Private junk cruises in the world-famous Halong Bay region can offer a welcome moment of chilled out coastal bliss. There’s plenty of opportunity for older kids to kayak and swim around the jungle-topped islands as you sail away from the bay’s main crowds... 

Younger families might prefer to hop over to Phu Quoc’s hip island haven. The gently sloping, sandy beaches are ideal for littlies to splash in the shallows, while older kids can snorkel offshore. Back on dry land, you can catch breathtaking glimpses of monkeys, bats and wildcats in the lush National Park interior. 

It’s well worth mentioning that Nha Trang’s famous beaches have loads to offer families. Although the main resorts have become very popular, you can combine the best of both worlds by staying just a short drive down the coast, where you can retreat to a laid-back Long Beach family villa, and drive 20 minutes into town for barbeques, beachtime, and perhaps even a cheeky day at the local theme park.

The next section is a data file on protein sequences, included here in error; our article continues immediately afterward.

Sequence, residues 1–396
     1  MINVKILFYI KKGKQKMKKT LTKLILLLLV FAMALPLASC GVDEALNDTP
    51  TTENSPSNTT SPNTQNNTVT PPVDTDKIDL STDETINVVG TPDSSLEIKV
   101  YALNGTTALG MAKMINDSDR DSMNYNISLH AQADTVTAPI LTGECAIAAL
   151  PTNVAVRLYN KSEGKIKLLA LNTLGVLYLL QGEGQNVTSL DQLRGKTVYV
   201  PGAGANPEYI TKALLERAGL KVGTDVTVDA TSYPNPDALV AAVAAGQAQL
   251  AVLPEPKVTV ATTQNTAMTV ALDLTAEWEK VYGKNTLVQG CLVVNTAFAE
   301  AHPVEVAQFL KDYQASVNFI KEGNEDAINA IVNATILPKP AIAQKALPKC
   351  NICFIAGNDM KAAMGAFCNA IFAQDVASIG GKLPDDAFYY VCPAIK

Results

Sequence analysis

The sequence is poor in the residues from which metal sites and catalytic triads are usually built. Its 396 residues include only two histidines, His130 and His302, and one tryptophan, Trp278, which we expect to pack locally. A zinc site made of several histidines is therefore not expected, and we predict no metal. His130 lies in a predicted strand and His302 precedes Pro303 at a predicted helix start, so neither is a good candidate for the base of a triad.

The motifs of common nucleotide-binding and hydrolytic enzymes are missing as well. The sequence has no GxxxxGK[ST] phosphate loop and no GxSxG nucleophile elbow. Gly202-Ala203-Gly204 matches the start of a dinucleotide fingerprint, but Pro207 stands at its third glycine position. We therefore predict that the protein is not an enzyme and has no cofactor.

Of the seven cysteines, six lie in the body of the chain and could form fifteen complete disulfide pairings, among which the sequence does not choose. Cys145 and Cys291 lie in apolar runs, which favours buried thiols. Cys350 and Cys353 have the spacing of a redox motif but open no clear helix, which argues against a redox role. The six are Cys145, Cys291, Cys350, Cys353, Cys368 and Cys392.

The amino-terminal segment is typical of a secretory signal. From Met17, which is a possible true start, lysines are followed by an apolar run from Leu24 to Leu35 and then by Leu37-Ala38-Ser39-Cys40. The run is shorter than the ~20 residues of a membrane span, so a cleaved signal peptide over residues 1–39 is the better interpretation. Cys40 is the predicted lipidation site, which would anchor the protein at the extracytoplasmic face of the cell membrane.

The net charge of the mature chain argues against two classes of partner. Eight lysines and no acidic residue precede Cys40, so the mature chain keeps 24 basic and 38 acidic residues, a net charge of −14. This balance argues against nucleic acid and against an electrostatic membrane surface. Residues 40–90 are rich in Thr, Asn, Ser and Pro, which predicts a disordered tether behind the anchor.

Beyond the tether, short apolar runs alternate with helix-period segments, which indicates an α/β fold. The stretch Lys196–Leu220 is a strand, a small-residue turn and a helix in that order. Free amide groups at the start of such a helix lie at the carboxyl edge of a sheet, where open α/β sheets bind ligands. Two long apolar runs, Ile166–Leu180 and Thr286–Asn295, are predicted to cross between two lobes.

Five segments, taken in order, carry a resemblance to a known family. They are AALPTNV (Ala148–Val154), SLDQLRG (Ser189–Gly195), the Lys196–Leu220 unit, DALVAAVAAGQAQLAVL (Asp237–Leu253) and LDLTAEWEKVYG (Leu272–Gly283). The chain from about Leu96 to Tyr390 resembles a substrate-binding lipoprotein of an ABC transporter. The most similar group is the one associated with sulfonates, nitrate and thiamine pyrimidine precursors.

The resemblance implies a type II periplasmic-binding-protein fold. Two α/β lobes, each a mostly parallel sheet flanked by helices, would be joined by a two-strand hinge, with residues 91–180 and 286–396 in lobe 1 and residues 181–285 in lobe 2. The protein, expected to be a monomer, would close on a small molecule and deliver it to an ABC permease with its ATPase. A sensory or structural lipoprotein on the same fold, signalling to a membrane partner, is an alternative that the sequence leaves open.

Sri Lanka girl looking at elephant

Experts in family holidays to Asia

With a UK based team of Destination Specialists with offices and partners across Asia, ensuring we focus on staying really local in our approach. Our specialists have travelled extensively in Vietnam and throughout Asia, many having also lived in the region.

Along with enjoying great travels, the team regularly inspect the best hotels, seek out new activities and design new routes to ensure each detail of your family holiday is perfect, for you.

Our Vietnam Specialists’ top tips for families